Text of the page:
In April 2012, the Maryland Court of Appeals agreed to determine whether Maryland should adopt the doctrine of comparative negligence.  See Coleman v. Soccer Association of Columbia.  Maryland is one of the few states that adheres to the ancient legal defense of contributory negligence in tort cases.   If a plaintiff in Maryland is found to have contributed to the accident, the defense of contributory negligence bars a recovery.

The harsh result of the application of the defense of contributory negligence is illustrated by this example.  Two drivers collide at a four-way intersection.  Driver “A” suffers a minor injury and Driver “B” suffers a serious injury.  If Driver “B” is determined to be have contributed to the accident, he is not entitled to any compensation.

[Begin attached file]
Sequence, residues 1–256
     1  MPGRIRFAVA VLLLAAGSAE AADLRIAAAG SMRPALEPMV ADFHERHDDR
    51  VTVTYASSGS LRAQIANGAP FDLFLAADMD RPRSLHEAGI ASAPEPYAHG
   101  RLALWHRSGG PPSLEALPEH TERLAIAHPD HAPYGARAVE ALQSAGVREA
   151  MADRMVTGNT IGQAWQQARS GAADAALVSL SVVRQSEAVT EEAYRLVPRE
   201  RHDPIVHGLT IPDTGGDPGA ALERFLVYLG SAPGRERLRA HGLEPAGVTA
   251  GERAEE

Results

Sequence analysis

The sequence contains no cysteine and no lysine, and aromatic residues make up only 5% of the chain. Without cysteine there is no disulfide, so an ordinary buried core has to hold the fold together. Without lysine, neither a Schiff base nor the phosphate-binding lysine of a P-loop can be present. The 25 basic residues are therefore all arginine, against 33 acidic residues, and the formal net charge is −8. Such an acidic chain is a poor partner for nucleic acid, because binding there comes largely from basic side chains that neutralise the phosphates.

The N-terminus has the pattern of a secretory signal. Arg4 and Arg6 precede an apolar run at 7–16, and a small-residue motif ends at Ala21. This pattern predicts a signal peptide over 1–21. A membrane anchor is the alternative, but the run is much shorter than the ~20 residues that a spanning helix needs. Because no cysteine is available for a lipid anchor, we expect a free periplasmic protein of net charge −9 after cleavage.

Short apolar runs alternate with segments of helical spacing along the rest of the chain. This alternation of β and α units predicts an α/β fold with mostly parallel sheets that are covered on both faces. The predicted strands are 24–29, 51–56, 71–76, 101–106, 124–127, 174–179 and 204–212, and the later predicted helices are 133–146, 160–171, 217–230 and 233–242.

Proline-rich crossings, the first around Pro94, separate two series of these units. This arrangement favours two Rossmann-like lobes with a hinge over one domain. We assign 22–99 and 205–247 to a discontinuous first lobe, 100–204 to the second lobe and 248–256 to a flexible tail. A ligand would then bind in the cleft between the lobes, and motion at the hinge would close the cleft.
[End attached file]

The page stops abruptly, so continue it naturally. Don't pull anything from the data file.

Most states apply the doctrine of comparative negligence in proportioning fault and damages.   With comparative negligence, the jury must allocate fault between the plaintiff and the defendant.  For example, if the jury determines that Driver “A” was 90% at fault and Driver “B” was 10% at fault for causing the accident, Driver “A” will be entitled to recover 10% of  his damages and Driver “B” can recover 90% of his damages.